For this particular project, it is recommended for Hi-Rize Development 2011 (HRD 2011) to appoint a qualified and experienced Client's Project Manager due to many peculiarities of the project and site, as well as the specific requirements outlined by the client. These are explained in greater detail, below.
1.1 Nature of project and site
Firstly, while HRD 2011 has identified a site, it has not yet been acquired and a project manager working directly with the client can help with the appraisal of this site prior to its acquisition. If necessary, he may recommend an alternative site, which may bring better value to his client's investment. Secondly, the clients have commissioned WNP Partners to produce outline proposal which although has already been submitted for planning permission, could still be re-evaluated with respect to specific construction systems and expected building performance. By working closely with a client, the project manager would be in a position to provide a second opinion on how the project should proceed. For example, decisions need to be made on structural frame, building envelope, and service levels. Also, there are issues with site's geological condition (sandy soil over clay) which need appraisal, as this would have an impact on substructure, including foundation system and underground parking. These are decisions too important to be left in the hands of architects alone, as competent as they (WNP Partners) may be. The client needs to be enlightened about many issues and given options, while being protected from making hasty decisions without considering alternatives and implications.
1.2 Client requirements
Apart from the nature of the project, the clients have some requirements in this project which need to be met efficiently and effectively. This includes the desire to have a state-of-the-art (or high spec) building which is advanced in the technologies used both in construction and in performance of services. This requirement calls for experienced evaluation of available building services providers as well as construction methods. A project manager working directly with a client should be able to provide direction in terms of using advanced but sustainable solutions including green construction materials and processes as well as low-energy (or low carbon) building services such as optimising natural ventilation and daylighting, without compromising occupant comfort. Additionally, because the client also requires quality over time and then cost, this places emphasis on producing a facility which performs exceedingly high in terms of its life-cycle. A prestigious building, such as the one desired by the client has to have every aspect of its structure and system carefully selected after thorough evaluation, if the building is to make a statement or be an respected icon on the landscape. Finally, one of the strongest reasons for a client's project manager is the desire for single-point responsibility over the professional responsibility of designers and cost consultants. A client's project manager is well suited to play this role of single point responsibility (Gould and Joyce, 2009; Sears et al. 2008). Appendix A shows details of the client requirements.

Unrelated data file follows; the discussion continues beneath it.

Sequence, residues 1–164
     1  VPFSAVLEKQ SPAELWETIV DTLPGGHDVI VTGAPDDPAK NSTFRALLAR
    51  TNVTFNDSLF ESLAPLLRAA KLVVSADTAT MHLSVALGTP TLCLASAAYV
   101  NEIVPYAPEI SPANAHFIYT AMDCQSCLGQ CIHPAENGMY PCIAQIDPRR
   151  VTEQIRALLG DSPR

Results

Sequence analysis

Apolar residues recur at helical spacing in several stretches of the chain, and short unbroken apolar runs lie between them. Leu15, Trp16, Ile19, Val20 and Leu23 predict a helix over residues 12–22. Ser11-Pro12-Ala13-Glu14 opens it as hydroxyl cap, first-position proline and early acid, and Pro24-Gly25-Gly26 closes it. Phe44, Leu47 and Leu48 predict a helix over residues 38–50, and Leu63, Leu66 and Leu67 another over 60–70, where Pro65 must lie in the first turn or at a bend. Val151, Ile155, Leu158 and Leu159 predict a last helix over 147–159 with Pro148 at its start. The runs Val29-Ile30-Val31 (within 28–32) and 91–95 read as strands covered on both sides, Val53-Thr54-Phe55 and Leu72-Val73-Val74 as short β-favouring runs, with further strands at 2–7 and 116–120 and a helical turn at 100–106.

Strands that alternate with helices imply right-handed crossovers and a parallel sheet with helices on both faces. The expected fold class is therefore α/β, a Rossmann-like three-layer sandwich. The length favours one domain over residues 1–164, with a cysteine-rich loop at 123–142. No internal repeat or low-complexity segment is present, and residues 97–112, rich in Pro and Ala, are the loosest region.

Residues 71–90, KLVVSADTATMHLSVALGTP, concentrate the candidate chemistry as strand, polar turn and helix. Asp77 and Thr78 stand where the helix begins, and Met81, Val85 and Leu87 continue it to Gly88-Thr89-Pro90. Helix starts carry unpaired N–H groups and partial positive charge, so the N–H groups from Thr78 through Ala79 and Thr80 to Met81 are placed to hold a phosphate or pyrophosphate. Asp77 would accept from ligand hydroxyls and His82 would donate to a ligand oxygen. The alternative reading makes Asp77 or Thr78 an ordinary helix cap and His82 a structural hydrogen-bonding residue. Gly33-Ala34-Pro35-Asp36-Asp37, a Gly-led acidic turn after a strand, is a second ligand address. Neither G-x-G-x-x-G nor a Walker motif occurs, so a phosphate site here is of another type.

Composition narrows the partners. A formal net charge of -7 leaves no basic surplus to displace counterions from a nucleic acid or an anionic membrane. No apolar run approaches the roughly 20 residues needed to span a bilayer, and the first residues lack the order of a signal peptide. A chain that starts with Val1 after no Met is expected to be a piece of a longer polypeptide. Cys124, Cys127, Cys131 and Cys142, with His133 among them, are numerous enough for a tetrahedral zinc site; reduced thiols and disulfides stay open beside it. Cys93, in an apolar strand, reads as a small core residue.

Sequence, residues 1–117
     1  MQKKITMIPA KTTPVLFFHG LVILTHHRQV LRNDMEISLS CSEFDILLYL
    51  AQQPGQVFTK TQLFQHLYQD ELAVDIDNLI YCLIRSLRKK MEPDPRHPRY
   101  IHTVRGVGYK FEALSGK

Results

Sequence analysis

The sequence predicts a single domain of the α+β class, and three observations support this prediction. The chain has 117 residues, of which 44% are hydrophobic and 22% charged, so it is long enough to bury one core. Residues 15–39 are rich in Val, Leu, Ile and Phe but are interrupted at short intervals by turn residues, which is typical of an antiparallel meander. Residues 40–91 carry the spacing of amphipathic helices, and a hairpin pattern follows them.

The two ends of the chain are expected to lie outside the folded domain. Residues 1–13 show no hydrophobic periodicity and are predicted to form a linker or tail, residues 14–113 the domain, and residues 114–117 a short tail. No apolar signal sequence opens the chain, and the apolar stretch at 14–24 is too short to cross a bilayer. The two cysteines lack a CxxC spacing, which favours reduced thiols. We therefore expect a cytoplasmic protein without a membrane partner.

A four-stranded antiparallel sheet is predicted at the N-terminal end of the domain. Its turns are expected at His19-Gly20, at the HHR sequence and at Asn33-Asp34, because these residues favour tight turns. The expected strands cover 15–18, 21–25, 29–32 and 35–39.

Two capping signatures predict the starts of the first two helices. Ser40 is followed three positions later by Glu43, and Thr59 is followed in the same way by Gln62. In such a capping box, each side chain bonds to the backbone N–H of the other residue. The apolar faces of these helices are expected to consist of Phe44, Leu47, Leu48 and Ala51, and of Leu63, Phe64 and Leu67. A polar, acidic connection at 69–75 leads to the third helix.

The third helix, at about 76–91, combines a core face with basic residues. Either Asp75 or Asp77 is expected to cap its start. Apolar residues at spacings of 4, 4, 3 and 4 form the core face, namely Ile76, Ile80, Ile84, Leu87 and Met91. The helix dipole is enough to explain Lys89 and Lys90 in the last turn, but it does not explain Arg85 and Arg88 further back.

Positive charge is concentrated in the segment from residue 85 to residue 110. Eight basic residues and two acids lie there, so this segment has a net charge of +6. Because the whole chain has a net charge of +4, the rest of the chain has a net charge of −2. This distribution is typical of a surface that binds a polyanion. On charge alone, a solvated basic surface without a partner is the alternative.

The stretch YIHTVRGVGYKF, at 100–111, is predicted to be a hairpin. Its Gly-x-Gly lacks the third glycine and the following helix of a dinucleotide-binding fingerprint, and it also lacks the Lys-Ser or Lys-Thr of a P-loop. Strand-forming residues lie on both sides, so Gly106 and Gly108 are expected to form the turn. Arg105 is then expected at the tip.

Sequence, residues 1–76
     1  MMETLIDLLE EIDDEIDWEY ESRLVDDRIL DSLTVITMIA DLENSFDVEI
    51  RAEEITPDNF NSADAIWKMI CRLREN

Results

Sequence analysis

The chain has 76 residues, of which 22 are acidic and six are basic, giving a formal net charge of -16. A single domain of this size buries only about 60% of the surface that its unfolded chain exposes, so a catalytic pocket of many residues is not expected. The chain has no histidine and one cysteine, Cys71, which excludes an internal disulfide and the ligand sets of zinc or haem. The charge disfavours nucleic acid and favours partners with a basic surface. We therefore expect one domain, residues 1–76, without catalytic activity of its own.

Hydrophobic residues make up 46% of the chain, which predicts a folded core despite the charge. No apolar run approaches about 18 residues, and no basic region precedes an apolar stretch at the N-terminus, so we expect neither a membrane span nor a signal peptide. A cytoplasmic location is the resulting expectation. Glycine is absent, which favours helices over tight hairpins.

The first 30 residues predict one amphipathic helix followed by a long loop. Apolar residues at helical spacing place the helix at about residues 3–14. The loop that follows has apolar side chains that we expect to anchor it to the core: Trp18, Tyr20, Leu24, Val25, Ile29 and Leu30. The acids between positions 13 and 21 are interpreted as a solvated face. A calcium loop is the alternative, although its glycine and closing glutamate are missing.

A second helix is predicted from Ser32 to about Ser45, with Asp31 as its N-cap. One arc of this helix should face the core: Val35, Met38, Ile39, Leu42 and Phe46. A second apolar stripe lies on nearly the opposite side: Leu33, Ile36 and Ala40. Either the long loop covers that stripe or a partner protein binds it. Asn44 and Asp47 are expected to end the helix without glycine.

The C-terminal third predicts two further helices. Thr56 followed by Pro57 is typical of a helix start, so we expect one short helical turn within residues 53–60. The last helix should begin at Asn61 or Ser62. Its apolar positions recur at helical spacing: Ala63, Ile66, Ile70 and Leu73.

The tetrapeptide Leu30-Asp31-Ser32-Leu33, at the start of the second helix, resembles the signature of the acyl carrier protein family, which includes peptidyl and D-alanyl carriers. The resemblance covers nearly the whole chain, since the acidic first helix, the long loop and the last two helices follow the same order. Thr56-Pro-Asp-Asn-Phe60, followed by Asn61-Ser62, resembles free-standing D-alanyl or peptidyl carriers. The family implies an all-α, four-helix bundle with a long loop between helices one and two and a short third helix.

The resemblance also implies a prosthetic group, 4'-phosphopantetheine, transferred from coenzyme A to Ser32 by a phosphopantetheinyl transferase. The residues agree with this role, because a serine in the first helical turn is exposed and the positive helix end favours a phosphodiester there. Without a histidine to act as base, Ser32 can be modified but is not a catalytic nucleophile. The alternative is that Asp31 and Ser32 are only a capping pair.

2.0 Project organisation and management
This section describes the manner in which the proposed project should be organised and managed. The major tasks and activities related to the entire project from inception to completion and handover are covered, including: decision-making and organisational structure; evaluation and selection of procurement routes; work breakdown structure; quality management
2.1 Decision-making and organisational structure
Throughout the duration of the project along its phases, decision-making and hierarchy would be important. The proposed decision-making and organisational structure of this project depends on overall responsibility lying with the client, who is ably assisted by a project manager. The project manager in turn is responsible for coordinating the activities of two arms of the hierarchy. On one hand, he has to coordinate design team and contractors; while on the other, he has to take responsibility for the cost, legal, safety, planning and specialisation needs of the project (CIOB, 1996).
2.2 Major tasks and activities
The major tasks and activities for this project can be subdivided based on three project phases. The three phases are: (a) planning and definition; (b) design and (c) procurement and construction. The major activities are as follows:
Planning and definition activities
Appointment of project manager
Briefing and budgeting
Defining client's performance criteria
Conceptual/preliminary design and planning
Architectural and engineering designs
Detail cost planning
Scheduling and programming
Procurement and construction activities
Preparation of tender documents
Pre-selection and tendering
Appraisal and recommendation of contractors
Mobilisation of contractor
Site clearance and ground works
Superstructure and enclosure
Services and finishes
External works and landscaping
Inspection and handover
2.3 Evaluation and selection of procurement routes
The main procurement methods have been explained and evaluated briefly, with respect to this project, below.
2.3.1 The standard procurement methods
There are three common or standard methods of construction procurement. These include traditional method, design and build method, and management method, as explained below.
Traditional method: In traditional approach to procurement, the client would appoint a design team, a cost consultant (quantity surveyor) responsible for financial and contractual advice, as well as a contractor to execute the work, usually chosen after a tendering process (CIOB, 1996). Due to the peculiarities of this project and high expectations of client, this procurement method is not recommended to the client as many key decisions need to be made by a coordinating (client's project) manager